5. The goal of any organization is to potentially make profit centers to sustain the organization as well as create value to the customers visiting those centers.

    I think it would be extremely interesting to see how long Zappos maintains the ‘Culture Hype’ around their company and brand. Kind of like Good to Great, Drive or anything that people crowd around that seems shiny and new.

    Everything loses it’s luster, will be interesting to see!

    oh and still trying to add you as an rss

  6. Great post. While Zappos has been hailed as a social media darling I think of them more as a posterchild for how to prosper and grow no matter the economic environment around you. I believe the saying is “create your own weather.” It all starts at the top with Tony empowering his employees at all levels which fosters high engagement and job satisfaction. While naysayers may say this all seems “fluffy” and “utopian” they are ignoring the obvious, it works. Thanks for sharing your insights!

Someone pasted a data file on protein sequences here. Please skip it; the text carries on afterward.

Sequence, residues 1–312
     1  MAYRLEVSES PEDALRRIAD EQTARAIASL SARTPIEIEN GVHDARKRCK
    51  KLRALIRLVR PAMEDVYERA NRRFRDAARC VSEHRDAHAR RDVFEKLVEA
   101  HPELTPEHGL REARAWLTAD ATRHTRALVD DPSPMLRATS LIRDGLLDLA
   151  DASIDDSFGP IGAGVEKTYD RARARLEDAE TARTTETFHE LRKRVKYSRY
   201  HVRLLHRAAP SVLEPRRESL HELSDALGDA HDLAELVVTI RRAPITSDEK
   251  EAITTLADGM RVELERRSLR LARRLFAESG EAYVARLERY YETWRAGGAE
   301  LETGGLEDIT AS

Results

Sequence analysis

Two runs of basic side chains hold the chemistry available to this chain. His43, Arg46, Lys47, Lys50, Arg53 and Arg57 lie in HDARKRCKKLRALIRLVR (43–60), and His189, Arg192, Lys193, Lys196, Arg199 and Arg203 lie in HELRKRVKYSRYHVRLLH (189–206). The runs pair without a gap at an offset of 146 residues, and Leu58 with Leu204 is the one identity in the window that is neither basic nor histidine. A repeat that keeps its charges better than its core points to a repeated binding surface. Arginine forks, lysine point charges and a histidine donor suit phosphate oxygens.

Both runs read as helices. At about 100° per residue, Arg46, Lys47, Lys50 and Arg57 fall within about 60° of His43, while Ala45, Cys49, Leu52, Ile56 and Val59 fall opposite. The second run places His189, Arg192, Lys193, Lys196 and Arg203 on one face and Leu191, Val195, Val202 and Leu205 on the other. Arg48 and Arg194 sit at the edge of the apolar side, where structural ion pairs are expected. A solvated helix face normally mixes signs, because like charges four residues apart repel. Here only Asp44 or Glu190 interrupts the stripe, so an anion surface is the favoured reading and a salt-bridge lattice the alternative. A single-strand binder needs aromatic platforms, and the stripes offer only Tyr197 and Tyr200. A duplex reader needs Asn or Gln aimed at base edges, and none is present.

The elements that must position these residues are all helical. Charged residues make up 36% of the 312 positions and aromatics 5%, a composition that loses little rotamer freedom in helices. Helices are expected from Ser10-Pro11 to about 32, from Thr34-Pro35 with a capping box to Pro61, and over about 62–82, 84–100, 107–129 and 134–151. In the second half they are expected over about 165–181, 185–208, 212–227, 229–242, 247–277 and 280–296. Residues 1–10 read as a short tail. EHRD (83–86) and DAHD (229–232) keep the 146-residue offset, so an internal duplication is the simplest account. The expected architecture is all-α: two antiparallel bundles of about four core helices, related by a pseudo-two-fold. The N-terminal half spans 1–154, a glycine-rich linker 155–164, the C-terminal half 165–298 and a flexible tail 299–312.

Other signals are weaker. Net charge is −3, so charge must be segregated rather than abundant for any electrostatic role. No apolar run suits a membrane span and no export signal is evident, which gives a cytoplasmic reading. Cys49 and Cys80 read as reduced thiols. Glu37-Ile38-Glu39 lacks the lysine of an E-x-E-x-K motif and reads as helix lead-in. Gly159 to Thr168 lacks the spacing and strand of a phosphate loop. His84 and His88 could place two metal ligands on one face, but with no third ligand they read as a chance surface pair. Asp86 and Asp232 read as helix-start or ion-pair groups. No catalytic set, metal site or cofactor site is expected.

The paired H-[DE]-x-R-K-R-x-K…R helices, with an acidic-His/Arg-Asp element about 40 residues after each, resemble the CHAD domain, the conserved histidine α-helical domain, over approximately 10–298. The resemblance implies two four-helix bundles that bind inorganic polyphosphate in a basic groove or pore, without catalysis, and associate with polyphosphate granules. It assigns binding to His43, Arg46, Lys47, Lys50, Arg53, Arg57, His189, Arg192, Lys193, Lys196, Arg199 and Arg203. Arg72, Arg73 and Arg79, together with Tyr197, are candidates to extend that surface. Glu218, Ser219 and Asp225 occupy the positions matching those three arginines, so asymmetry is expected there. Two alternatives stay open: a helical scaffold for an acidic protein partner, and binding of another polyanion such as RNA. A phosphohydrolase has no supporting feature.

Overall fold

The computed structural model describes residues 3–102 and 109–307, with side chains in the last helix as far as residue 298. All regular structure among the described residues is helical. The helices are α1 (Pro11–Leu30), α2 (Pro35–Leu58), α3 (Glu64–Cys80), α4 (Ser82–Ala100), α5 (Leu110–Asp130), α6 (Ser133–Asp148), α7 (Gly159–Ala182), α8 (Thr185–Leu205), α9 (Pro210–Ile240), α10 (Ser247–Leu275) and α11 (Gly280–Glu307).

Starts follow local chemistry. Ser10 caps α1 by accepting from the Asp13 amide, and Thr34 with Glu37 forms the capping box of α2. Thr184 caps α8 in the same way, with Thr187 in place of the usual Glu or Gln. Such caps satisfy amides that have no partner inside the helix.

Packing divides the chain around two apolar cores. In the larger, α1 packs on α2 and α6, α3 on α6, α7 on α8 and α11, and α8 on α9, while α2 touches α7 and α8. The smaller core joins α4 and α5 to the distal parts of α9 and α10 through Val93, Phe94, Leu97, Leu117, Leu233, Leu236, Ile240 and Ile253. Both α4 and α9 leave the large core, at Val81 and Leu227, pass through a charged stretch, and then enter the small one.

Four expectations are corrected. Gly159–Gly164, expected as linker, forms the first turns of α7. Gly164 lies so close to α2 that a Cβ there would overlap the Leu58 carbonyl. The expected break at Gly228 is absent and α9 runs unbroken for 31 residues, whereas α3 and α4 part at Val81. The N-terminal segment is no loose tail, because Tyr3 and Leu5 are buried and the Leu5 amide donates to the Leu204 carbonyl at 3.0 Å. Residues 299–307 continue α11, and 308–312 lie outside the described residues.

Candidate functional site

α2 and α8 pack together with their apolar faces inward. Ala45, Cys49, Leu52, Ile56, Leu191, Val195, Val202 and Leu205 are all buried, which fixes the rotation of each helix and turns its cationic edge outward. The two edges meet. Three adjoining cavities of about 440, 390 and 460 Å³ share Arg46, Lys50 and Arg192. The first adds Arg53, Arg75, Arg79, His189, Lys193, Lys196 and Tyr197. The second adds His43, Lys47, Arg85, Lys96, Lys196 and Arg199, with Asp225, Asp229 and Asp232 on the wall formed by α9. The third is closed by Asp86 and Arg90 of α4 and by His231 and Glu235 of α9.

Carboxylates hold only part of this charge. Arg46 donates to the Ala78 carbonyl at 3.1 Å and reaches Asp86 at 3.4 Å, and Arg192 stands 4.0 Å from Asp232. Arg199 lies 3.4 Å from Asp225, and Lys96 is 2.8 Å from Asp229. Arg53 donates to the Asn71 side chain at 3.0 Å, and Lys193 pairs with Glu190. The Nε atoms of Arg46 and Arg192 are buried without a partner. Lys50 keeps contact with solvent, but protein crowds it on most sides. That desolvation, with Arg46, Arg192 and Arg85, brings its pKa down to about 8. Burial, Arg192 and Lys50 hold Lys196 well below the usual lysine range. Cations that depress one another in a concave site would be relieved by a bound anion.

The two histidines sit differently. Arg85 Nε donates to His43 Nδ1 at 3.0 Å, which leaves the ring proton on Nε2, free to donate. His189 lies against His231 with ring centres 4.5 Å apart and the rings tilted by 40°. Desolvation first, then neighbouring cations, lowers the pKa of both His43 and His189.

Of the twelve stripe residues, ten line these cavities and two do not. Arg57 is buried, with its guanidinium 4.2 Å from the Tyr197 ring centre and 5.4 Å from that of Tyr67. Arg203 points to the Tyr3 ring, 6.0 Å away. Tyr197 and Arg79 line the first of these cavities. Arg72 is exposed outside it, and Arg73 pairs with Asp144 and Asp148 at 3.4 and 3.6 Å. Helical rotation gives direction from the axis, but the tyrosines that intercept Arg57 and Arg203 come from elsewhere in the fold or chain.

• I think you’re right, Michael. I think the social media tag is a reg herring. What they are is an organization whose CEO has led them to create a unique culture that is focused simultaneously on engaging their workforce and their customers. We’ve known for years the inextricable link between employee satisfaction and customer satisfaction. This just lays out the veracity of that link for all to see. Thanks for your comments.

  7. china, great read. i didn’t know anything about their insights organization. but it makes complete sense. i understand where lance is coming from, and i could see why it wouldn’t matter. we’re all trying to figure out how to make a work environment that “works” for all: leaders, employees, shareholders, and community. zappos seems to have tapped into that in a big way. you can read about how they’re approaching wellness through the same lens on my blog tomorrow.

    thanks for making sure i didn’t miss this post.


  8. I’ll also mention Disney as an organization that does exactly what you mention.

    With my wife working in a winery, she is often the one giving tours of the facility. People seem fascinated by it.

    I wonder if it is easier to brand your organization when you’re a fun, consumer brand? Is there a culture solution for folks in the B2B space or in the less fun B2C space?

    • Both Disney and Ritz Carlton have done similar things. And your question is one I’ve been tussling with. The folks at Zappos Insights say it doesn’t matter. They have all kinds of businesses attending their one- and two-day sessions. And not all of them are consumer businesses.